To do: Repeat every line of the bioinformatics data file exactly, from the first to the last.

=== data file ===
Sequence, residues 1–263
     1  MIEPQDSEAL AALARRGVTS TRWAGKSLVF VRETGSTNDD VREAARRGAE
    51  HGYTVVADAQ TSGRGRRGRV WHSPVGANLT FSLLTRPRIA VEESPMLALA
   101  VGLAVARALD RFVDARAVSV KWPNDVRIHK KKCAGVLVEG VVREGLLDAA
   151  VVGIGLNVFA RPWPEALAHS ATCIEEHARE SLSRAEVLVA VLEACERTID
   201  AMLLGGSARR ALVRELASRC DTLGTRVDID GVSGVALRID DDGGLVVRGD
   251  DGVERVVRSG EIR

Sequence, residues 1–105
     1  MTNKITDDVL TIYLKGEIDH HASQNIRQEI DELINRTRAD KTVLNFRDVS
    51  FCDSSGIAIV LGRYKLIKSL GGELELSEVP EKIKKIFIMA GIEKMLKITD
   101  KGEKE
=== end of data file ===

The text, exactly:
Sequence, residues 1–263
     1  MIEPQDSEAL AALARRGVTS TRWAGKSLVF VRETGSTNDD VREAARRGAE
    51  HGYTVVADAQ TSGRGRRGRV WHSPVGANLT FSLLTRPRIA VEESPMLALA
   101  VGLAVARALD RFVDARAVSV KWPNDVRIHK KKCAGVLVEG VVREGLLDAA
   151  VVGIGLNVFA RPWPEALAHS ATCIEEHARE SLSRAEVLVA VLEACERTID
   201  AMLLGGSARR ALVRELASRC DTLGTRVDID GVSGVALRID DDGGLVVRGD
   251  DGVERVVRSG EIR

Sequence, residues 1–105
     1  MTNKITDDVL TIYLKGEIDH HASQNIRQEI DELINRTRAD KTVLNFRDVS
    51  FCDSSGIAIV LGRYKLIKSL GGELELSEVP EKIKKIFIMA GIEKMLKITD
   101  KGEKE